Netherlands rely on inside knowledge as they look to trump South Africa in ODI series
The Netherlands have a number of players of South African origin, plenty of whom have played professional cricket in South Africa
Colin Ackermann and Roelof van der Merwe have provided Dutch captain Pieter Seelaar with intelligence on South African personnel and playing conditions respectively as Netherlands look to exploit local knowledge for the upcoming three-ODI series. They have five South African-born players in their squad and one South African-born coach, Ryan ten Doeschate, and are making the most of their insiders.
"Colin is the most recent of our players who has played first-class cricket here in South Africa, so he actually ran me through all the players (in their squad) that I didn't know before," Seelaar said. "And Roelof - I don't know how long he has been playing for the Titans and he knows SuperSport Park inside out. He has given me the ins and outs of how the dimensions of this ground work and where a lot of runs will be scored and where the wicket taking options are. That was quite helpful in our planning."
The two sides play the first two games at SuperSport Park, on Friday and Sunday, before moving up the road for the third ODI on December 1 at the Wanderers, where they may not have someone to provide the same lowdown, but it's fairly well-known what to expect. Conditions should favour the quicks at both venues and the Dutch have a South African-born speedster who will want to make full use of the pace and bounce on offer. "Brandon Glover is one of the guys that can bowl with a bit of fire, he has got a bit of pace about him. He is going to enjoy not bowling in the same slow conditions we have in Europe but can actually bowl with fire here on bouncier, pacier wickets," Seelaar said.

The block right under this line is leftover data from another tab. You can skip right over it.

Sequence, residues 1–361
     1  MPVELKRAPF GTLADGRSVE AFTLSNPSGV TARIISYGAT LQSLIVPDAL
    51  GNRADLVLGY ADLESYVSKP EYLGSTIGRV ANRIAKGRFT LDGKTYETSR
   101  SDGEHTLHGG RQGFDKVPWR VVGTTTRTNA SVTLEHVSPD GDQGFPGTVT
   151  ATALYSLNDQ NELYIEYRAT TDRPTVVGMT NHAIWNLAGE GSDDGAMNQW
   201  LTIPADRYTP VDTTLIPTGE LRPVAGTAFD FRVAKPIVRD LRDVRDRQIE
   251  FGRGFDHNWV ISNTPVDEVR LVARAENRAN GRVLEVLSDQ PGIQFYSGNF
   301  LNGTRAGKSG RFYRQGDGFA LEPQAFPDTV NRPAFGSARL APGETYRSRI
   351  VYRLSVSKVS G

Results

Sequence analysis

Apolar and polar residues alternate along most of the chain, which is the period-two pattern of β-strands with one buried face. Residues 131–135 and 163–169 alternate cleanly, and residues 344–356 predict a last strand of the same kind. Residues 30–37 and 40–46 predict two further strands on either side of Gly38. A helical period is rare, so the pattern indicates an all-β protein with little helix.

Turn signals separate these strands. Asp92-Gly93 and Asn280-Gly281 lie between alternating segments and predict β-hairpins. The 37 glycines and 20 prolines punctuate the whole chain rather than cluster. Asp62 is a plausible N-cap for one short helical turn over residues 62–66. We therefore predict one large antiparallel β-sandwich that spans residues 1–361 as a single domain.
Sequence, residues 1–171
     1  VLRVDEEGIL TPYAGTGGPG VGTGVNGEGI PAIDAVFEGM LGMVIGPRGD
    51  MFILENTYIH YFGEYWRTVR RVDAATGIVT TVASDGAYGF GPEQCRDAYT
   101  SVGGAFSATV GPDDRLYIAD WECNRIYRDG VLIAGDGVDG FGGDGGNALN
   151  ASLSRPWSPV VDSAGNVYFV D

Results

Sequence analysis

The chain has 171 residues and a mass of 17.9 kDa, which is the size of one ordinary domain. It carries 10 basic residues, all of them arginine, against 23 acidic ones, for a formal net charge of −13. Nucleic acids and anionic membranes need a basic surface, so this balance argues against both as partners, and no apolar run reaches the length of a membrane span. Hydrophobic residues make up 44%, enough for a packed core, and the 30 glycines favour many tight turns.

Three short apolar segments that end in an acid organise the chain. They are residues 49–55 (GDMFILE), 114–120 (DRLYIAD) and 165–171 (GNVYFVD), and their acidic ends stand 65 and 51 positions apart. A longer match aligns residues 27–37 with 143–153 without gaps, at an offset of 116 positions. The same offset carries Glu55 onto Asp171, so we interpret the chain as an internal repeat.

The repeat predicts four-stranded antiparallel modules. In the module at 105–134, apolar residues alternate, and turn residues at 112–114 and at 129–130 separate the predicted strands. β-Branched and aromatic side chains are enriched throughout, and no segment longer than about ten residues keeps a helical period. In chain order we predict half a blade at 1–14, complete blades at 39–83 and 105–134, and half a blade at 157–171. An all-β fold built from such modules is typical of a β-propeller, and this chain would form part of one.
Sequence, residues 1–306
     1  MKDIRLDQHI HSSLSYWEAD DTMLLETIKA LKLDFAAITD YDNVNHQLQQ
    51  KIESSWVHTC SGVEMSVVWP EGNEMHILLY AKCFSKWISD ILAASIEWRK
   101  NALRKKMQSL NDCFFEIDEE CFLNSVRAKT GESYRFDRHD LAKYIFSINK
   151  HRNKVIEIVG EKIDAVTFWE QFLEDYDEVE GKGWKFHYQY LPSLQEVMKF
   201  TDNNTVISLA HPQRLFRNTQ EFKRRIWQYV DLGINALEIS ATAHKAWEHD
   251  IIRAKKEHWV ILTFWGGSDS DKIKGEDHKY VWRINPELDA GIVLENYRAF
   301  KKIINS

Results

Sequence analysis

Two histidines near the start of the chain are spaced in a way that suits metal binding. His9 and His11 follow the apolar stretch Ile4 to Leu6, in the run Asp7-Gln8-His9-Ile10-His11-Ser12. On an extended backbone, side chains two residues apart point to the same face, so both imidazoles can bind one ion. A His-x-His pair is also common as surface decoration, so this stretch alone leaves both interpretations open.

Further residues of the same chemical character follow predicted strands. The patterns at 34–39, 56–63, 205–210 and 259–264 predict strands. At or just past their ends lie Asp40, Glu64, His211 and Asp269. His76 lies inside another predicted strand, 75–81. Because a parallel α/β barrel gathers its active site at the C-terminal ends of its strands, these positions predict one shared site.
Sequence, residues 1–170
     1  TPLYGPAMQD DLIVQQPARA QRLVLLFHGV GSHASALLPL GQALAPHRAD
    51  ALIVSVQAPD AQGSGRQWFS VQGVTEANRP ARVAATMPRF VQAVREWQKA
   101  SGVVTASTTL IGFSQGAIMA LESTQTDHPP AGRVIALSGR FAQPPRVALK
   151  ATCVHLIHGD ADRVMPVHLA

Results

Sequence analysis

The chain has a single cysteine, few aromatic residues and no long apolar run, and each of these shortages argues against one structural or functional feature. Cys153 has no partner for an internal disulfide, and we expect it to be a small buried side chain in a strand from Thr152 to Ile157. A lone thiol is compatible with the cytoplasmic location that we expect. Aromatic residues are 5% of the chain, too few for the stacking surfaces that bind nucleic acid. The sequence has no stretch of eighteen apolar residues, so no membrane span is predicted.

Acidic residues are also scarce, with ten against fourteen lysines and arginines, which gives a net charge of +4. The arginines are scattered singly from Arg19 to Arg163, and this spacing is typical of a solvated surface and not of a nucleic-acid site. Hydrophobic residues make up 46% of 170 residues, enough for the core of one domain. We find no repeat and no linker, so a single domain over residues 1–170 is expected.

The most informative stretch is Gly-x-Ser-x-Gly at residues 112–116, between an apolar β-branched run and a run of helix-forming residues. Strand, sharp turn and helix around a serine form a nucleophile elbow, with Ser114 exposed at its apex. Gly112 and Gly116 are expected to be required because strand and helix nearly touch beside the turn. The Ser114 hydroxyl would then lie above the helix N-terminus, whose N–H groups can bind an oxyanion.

But it's not just the South Africans that Seelaar hopes people will have their eyes on as the series unfolds. He tipped Vivian Kingma, who missed the T20 World Cup with injury, to also find pitches to his liking. "He has now come back to full fitness and is bowling with great discipline and great control and I look forward to seeing him take the new ball," Seelaar said.
It's not just optimism around individual players that Seelar has, but hopes for the team as a whole, who are looking to move up the World Cup Super League points table. "We do have the aim of trying to take points away from this series. We want to beat South Africa, at least once," Seelaar said. "We are not here to just say that it's nice to get a couple of games in. Hopefully we can get some results and some respect from fans all over the world to see that the Dutch are here to play some good cricket and take the fight to South Africa. We really want to meet the challenge head on."
Not least because the next 18 months could present the last opportunities for a team like Netherlands to get regular game time against the bigger nations. Seelaar echoed his coach Ryan Campbell's disappointment at the scrapping of the World Cup Super League but committed to making the most of the time they have left. "It's massively disappointing for us, not only for us but for the whole of Associate cricket. We don't know what the future holds. We've still got 21 games left in the competition and it's up to all of us to leave a mark and say that Associate cricket belongs on the biggest stage," he said.
The two sides play three ODIs, with the first two on Friday and Sunday, and the third Johannesburg on Wednesday.
Firdose Moonda is ESPNcricinfo's South Africa correspondent